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The Best Gig Economy Jobs and What to Avoid

Many workers are attracted to gig economy jobs because of the ability to earn money with flexible work hours and the low barriers to entry. Most gig opportunities require little training or experience and are available to most that apply.

While opportunities to work in the gig economy are plentiful, anyone looking for gig-work as their side hustle for extra money or full-time job should consider their options carefully. The best gig economy jobs will provide a strong value for your time, while others may actually lose you money. Prior to engaging in gig work, it’s important to understand the pros and cons as well as any potential expenses that may be the responsibility of the gig worker.

What is the Gig Economy?

The gig economy is a labor market that focuses on short-term contractors or freelance work. Gig workers are typically independent contractors. As contractors, they are not employees of the companies providing gig opportunities or the customers they serve.

There are a few key differences between an independent contractor and employee that you will want to understand before becoming a gig worker. As a gig worker, you should have complete control over your schedule. You can’t be compelled to accept a project or a job. You also have the right to work for multiple organizations. For example, if you work for one ridesharing service app, you can sign up for others as well. This flexibility is appealing to many in the gig economy. However, independent contractors should understand that they will not be eligible for employer benefits, such as medical insurance, 401Ks, and paid vacation days. They will also not have their taxes withheld and should plan to engage in the proper filing on their own.

Read more about tax filing for independent contractors here.

As independent contractors, gig workers are also not covered by employment and labor laws regarding hiring. This means gig economy companies may remove workers or reject applications for nearly any reason.

Benefits of Gig Positions

For many people, the gig economy is a unique fit for their lifestyle of needs. Here are a few benefits that attract workers to the gig-economy space:

  • Few Upfront Hurdles: While you will need to pass an application, the requirements for landing a gig project tend to be very low. For most gig positions, you do not need any special skills or education And, you aren’t competing against other candidates like you would in a traditional job interview. If you pass the screening requirements, you are on the platform and can start working.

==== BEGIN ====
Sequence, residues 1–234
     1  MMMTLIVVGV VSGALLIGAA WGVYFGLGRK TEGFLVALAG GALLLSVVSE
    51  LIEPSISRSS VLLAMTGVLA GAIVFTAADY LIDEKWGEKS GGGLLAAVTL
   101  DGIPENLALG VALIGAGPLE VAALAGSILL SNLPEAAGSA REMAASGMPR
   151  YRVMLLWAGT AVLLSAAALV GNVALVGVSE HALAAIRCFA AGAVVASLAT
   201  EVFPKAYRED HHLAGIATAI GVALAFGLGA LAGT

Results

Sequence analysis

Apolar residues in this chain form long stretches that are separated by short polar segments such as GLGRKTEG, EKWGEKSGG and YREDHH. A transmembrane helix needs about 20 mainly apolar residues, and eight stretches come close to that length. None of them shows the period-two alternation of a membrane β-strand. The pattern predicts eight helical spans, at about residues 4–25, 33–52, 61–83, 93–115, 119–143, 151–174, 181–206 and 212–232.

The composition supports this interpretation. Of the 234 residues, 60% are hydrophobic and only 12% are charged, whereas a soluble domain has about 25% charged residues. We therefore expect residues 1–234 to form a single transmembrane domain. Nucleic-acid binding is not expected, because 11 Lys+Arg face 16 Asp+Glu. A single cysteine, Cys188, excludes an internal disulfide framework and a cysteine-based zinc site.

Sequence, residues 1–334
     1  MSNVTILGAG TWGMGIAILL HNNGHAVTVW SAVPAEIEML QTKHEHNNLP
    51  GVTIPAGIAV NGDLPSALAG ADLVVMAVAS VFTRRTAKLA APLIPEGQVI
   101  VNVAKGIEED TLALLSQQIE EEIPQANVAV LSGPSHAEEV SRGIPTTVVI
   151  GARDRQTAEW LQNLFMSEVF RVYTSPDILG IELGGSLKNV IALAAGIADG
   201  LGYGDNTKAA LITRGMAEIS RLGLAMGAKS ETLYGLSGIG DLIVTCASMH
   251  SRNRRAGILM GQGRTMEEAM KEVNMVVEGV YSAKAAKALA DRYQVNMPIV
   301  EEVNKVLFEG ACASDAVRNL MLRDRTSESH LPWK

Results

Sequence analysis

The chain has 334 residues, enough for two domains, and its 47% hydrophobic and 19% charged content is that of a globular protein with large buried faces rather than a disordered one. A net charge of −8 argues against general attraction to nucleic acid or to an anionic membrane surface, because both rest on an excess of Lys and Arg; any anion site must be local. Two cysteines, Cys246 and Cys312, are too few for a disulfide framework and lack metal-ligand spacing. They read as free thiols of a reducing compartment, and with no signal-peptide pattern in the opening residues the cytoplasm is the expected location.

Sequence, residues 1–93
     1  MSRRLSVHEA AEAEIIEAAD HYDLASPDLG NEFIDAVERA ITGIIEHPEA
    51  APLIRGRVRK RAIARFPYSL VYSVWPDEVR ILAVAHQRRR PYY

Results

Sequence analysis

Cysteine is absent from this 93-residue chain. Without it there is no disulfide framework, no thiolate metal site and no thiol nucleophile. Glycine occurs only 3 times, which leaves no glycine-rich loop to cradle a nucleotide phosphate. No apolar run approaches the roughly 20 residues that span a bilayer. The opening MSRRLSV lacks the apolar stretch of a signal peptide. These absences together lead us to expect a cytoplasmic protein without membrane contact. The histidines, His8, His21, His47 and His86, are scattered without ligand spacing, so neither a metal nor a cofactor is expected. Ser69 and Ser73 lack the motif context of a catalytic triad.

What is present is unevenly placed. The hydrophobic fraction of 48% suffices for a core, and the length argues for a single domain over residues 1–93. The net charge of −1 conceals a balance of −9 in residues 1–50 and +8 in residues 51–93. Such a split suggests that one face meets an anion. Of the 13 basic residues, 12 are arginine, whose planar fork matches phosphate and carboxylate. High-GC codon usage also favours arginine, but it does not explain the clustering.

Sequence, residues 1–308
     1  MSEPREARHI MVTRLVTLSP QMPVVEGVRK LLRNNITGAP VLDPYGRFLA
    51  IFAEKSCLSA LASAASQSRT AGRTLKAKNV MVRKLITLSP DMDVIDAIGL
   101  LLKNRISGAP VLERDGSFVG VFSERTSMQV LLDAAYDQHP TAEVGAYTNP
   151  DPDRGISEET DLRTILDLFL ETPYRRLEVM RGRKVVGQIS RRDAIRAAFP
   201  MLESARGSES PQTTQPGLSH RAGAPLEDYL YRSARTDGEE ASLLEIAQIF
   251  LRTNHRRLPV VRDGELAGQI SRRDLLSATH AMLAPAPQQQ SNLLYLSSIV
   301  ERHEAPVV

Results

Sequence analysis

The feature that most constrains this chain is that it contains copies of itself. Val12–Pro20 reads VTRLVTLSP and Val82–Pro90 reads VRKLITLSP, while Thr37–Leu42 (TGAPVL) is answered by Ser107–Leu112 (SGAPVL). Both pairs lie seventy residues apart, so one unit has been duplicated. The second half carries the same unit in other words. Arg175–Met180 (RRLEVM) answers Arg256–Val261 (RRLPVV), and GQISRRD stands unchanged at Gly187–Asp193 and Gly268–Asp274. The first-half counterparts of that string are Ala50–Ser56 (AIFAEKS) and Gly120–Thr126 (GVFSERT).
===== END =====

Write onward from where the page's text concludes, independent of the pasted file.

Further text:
• Start Earning Fast: While it may take a few days to get through an orientation and screening, most gig workers can start earning on a platform in just a few days.
  • Flexible Schedule: Gig workers have complete control of their schedule. They can work when they want and take time off when they don’t. Many gig workers will pick up work on evenings or over the weekend to supplement their current income. Others join gig platforms to help provide extra earnings while they are between traditional jobs.

Common Jobs in the Gig Economy

Whether it’s delivering food, offering rides, or renting out your car, there are many companies vying for your time in this space. Some may even offer lucrative looking sign-up bonuses for joining their platforms.

Most companies will have a brief on-boarding and screening process before they allow you to begin accepting projects through their platform. This usually involves a background check and may include a vehicle inspection if you are transporting customers or cargo. Depending on how quickly you go through these steps, it could take a few days to join a new platform.

Because you are an independent contractor, you may join multiple platforms and accept jobs from all of them. Many gig workers will choose to join several platforms in the same industry and pick up the most profitable jobs that come through on any given day.

Below are just a few of the different types of gigs you might consider on your search.

  • Rideshare Gigs: Rideshare apps connect you with potential passengers that need to be transported from one location to another. Requirements include a background check and clean, well-maintained vehicle.
  • Food Delivery: Delivery gigs are available for everything from meals to groceries. Vehicle requirements are generally less strict than a rideshare platform, though you will still need to pass a background check.